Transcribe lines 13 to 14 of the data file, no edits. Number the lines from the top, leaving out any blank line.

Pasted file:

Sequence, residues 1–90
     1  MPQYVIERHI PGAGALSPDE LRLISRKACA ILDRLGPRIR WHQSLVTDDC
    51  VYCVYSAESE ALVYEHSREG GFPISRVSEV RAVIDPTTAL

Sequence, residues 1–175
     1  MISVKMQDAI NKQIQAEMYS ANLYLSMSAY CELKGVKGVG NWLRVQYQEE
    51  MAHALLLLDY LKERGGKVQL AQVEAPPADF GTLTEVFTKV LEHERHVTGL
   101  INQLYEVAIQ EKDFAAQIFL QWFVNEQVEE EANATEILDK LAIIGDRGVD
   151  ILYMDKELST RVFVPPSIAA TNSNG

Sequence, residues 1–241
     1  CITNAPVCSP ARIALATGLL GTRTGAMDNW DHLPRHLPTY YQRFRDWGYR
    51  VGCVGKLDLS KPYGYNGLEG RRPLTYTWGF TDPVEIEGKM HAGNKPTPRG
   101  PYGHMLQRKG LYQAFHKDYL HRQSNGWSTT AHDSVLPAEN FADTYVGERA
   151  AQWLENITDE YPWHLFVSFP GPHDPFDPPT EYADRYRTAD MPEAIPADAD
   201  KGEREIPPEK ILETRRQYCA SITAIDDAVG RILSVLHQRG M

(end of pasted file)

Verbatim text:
   151  AQWLENITDE YPWHLFVSFP GPHDPFDPPT EYADRYRTAD MPEAIPADAD
   201  KGEREIPPEK ILETRRQYCA SITAIDDAVG RILSVLHQRG M